February 2021

Dr Ross McKim remembers Sir Robert Cohan CBE (1925 - 2021)

Modern dance legend and pioneer of contemporary dance in Britain is remembered by a friend

Last month, on 13 January 2021, Sir Robert Cohan, pioneer of contemporary dance in Britain, passed away at the age of 95. Cohan transformed the British dance scene in the 1960s, and alongside Robin Howard, helped to form the idea that American modern dance could ‘take off’ here in the UK.

Cohan was an American-born British dancer, artistic director, choreographer and adored teacher. In 1946, he joined ‘Martha Graham Dance Company’, becoming a teacher in Graham’s dance school after a period as one of her regular partners on stage. He became co-director in 1966. In 1967, Cohan launched London Contemporary Dance TheatreLondon’s first contemporary dance school, and consequently changed the course of British dance forever. He inspired generations of dancers and dance teachers through his ability to teach so endearingly.

When remembering Sir Robert, we thought it best to ask a friend and previous student for a personal recollection. We spoke to Dr Ross McKim, Creator of the Imperial Society of Teachers of Dancing’s Contemporary Dance Syllabus, who was heavily inspired and influenced by him.

Professor Sir Robert Cohan is made a Knight Bachelor of the British Empire by the Prince of Wales for services to choreography and dance.

Dr Ross McKim remembers a friend

Dr Ross McKim is a dancer, choreographer, philosopher, and was the Artistic Director of the Rambert School (from 1985–2015). These are his words:

The facts are easy. Bob grew up in Brooklyn and had a little dance training there. He fought in World War Two. Conscripted into a unit of young men of high intelligence towards special war projects, he was near fatally wounded. He saw colleagues near him die instantly. Cohan studied, and then danced with Martha Graham, sometimes as her partner, for two decades. Later, at the invitation of Robin Howard, he built and sustained the now legendary London Contemporary Dance Theatre for more than twenty years.

He listened in perfectly timed silence using more than intellect. He took you in. A source within him became a reserve within you.

He read deeply but probably not that much. He did not write. He was of a spoken tradition and illuminated words. He invented new thought. His skilful reasoning could make a false case appear true.  He built enlightened sense out of language.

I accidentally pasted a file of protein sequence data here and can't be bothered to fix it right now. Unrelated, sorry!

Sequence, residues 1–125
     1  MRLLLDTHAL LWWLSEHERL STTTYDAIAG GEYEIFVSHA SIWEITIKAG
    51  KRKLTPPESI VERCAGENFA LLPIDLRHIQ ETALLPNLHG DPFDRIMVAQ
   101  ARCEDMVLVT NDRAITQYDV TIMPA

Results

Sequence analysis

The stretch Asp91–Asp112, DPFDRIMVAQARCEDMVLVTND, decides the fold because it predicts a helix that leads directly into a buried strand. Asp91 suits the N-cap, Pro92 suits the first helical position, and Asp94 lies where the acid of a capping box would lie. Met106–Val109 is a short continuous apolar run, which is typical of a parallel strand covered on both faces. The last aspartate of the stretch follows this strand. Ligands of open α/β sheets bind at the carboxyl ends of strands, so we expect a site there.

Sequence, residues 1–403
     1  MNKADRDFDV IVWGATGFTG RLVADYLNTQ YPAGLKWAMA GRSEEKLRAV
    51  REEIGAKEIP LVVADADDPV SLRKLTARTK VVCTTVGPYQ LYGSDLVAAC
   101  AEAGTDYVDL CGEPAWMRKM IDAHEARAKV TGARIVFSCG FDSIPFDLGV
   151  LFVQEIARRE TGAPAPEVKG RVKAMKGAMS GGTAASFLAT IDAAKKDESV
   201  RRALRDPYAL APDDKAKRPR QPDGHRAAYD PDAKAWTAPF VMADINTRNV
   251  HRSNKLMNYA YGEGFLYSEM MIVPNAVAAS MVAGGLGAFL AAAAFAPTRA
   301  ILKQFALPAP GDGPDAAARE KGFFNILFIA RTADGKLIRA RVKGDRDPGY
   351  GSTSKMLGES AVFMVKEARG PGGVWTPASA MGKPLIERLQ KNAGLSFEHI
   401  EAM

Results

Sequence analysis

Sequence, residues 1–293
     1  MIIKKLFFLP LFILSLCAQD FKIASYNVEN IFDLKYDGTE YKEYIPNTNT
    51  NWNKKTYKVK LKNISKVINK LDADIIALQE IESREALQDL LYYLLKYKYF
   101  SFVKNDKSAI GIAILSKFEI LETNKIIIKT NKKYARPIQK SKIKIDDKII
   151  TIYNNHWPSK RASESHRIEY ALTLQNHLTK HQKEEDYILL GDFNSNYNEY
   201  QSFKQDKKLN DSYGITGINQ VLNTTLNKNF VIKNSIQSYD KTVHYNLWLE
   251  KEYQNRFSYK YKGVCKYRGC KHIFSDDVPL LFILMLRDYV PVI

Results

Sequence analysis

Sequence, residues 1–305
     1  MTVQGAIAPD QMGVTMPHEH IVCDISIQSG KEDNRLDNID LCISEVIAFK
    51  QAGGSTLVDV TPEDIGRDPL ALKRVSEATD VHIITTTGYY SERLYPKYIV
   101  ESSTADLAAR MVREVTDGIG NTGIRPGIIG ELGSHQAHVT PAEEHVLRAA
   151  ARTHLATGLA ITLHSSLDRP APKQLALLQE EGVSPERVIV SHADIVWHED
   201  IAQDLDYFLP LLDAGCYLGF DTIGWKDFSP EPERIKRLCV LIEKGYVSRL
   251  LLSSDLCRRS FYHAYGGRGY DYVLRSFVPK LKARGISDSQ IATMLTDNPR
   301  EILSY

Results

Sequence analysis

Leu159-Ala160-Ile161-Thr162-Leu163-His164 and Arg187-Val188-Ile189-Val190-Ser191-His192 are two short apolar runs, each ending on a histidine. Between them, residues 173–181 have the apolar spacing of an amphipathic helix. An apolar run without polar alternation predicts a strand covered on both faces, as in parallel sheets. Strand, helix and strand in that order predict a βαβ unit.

He and his company became disruptively successful. Through him people became gifted. They gained access to expressivity that was not otherwise accessible. From his company, he demanded loyalty towards the discoveries of another to whom he bore witness. It is true he created some dances that few people liked. Perhaps he was blinkered by obsession with the best of his own work. He hated the frivolous. Bob became, arguably, the most important choreographer of his time and one of the few that mattered.

Cohan may not have been so successful a dance-maker as he was as a dance-teacher. His dances did not always fulfill expectations. The teaching did. He was clinically fascinated by, rather than in love with, the artistic evolution of his dancers. He became the best teacher in practice, transmitting not technique, but its source. 

He had a desk in the company office but did not sit at it.There was a pile of his dance clothes on that desk.  

Driven by non-ordinary awareness he struggled in loneliness. Driven by non-ordinary awareness much of his effort was doomed.  He dealt with subject matter beyond the  interest of most people.  Because his understanding flourished beyond the scope of many his treatment of it was, to them, at times, incomprehensible.

He was the closest friend I have had and I hardly knew him.

Ross McKim MA PhD NBS (IDP)

[1] Robert Cohan is the greatest single influence on the Contemporary Dance Syllabus of the Imperial Society of Teachers of Dancing.

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